There is a stigma in many Christian circles that mental illness is a demonic spirit. If that is that case then all illness is from that.
As I am part of an online chronic illness support group where we have many people who suffer with mental illness. Some have suffered much at the hands of other Christians who don't understand.
I have a mental illness as well as physical. Most people would not realize the mental illness part. It is not like I publicize it.
One of the things I find frustrating is the 'me and them' attitude.
Of course we should have compassion, just as we have compassion on those who have cancer.

Deborah Ann said...

There are many people who quickly judge the mentally ill. They just don't understand that place. They wonder why that person can't just 'get over it.'

I've had my fair share of break downs in the past, and I'm grateful because God has been teaching me to love people in those places, just as I was loved. Great post, Tracy!

Tracy said...

Linda-I'm so glad that you commented; I appreciate what you're saying here. I can relate to your intensity. Like you, I've seen many individuals who have a mental illness get MUCH better via medication. Unfortunately, my sister, like many schizophrenics, does not like what the medications do to her (I've got at least one post on my other blog about the side effects of the common meds), so she won't take her prescribed meds.

Joyce - Like you, I've sadly noticed that often in our society, and especially in churches, it's as if we vilify the people who have a mental illness.

Anonymous - I'm sorry to read that you have to deal with illness. I respect the fact that you are reaching out and helping others. You're so correct about both medication being extremely helpful for some people but does not relieve all symptoms for all people with a mental illness. As far as the demonic, I have a post regarding that whole subject. The bottom line in my opinion is that mental illness are typically physiological in origin. I believe that Satan attacks people where they are weak, but it a physical or mental illness so there is that demonic element. I also believe that in super rare cases there have been times that what was being diagnosed as a mental illness was demonic in origin. I wouldn't generally talk about the demonic part because I agree with you that this has been way over played by the church as has led to stigmatization of those who struggle with a mental illness.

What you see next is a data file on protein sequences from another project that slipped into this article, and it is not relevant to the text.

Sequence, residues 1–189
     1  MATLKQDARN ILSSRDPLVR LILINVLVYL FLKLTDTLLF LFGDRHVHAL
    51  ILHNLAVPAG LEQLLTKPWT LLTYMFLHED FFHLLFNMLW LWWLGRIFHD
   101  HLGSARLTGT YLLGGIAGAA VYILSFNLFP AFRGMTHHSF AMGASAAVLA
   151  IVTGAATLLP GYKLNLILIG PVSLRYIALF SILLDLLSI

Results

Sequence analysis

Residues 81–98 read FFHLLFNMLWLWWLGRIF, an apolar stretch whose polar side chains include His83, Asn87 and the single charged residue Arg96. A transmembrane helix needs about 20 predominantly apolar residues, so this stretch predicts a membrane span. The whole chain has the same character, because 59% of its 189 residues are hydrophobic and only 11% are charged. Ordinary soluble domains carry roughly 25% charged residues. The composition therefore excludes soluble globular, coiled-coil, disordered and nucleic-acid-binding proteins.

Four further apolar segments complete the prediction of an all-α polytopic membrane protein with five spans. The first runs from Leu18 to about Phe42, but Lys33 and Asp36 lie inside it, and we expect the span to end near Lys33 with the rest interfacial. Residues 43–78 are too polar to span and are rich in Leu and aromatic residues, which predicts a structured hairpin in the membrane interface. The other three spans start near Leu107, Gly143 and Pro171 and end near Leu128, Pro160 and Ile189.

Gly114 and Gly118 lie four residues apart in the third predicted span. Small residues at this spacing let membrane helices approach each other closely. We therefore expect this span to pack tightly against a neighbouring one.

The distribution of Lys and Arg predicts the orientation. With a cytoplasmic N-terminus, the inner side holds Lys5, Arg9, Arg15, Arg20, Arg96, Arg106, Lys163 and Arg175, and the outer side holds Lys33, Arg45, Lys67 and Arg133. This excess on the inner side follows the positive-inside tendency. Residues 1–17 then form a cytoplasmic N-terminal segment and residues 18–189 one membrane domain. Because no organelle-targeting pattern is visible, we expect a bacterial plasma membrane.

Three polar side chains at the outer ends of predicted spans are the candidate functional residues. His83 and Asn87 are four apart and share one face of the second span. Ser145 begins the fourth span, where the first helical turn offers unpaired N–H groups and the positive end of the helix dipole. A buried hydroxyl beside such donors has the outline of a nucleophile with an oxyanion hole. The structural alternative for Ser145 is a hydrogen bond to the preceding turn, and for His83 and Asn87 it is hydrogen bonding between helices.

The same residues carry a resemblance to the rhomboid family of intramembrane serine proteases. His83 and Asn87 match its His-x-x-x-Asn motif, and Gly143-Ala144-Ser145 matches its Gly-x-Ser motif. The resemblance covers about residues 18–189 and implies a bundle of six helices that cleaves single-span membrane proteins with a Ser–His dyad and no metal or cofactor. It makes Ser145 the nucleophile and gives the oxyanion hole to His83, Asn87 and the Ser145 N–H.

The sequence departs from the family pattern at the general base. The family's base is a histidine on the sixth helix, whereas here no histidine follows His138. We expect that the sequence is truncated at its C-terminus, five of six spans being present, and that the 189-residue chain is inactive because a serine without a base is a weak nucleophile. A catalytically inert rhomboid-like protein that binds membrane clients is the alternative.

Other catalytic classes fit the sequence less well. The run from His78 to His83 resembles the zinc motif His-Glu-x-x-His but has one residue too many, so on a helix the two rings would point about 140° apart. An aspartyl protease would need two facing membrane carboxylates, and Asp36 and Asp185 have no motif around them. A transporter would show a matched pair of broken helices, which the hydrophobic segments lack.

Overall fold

Deborah Ann - From what I've read of what you've written, you are so refreshingly loving and accepting. (BTW - I finally got "Tattoos on the Heart" from the library and look forward to reading it)

Rcubes - You are one of the coolest nurses that I "know"! I bet in your work setting mental illness is especially difficult to deal with. To my understanding, incarcerated individuals can, and in the case of those with a mental illness often do, refuse their medications which would only make their symptoms worse.